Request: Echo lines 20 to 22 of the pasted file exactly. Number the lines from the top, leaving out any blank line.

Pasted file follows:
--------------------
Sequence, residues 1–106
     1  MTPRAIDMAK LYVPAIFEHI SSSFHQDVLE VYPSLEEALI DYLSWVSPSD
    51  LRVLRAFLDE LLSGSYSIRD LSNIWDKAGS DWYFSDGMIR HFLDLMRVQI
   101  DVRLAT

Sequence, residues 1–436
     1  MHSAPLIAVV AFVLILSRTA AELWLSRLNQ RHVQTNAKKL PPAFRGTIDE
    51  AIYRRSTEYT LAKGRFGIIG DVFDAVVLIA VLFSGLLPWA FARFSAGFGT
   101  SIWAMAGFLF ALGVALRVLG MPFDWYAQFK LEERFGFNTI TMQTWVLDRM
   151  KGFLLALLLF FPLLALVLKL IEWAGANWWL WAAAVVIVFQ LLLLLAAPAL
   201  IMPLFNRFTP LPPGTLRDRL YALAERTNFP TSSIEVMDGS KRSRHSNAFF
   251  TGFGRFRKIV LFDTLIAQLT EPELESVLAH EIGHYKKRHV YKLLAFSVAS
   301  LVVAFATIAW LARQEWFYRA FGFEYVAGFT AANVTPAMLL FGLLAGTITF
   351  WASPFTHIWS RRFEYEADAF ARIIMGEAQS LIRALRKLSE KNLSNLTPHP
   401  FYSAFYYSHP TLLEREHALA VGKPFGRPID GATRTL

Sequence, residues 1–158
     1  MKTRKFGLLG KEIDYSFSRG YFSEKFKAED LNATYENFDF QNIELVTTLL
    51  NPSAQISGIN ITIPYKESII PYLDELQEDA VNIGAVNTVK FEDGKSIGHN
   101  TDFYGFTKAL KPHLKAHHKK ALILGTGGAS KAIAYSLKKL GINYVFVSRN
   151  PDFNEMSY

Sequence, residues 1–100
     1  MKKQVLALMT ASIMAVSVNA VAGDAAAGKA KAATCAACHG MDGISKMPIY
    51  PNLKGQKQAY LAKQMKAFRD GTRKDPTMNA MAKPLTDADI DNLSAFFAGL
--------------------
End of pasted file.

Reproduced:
Sequence, residues 1–100
     1  MKKQVLALMT ASIMAVSVNA VAGDAAAGKA KAATCAACHG MDGISKMPIY
    51  PNLKGQKQAY LAKQMKAFRD GTRKDPTMNA MAKPLTDADI DNLSAFFAGL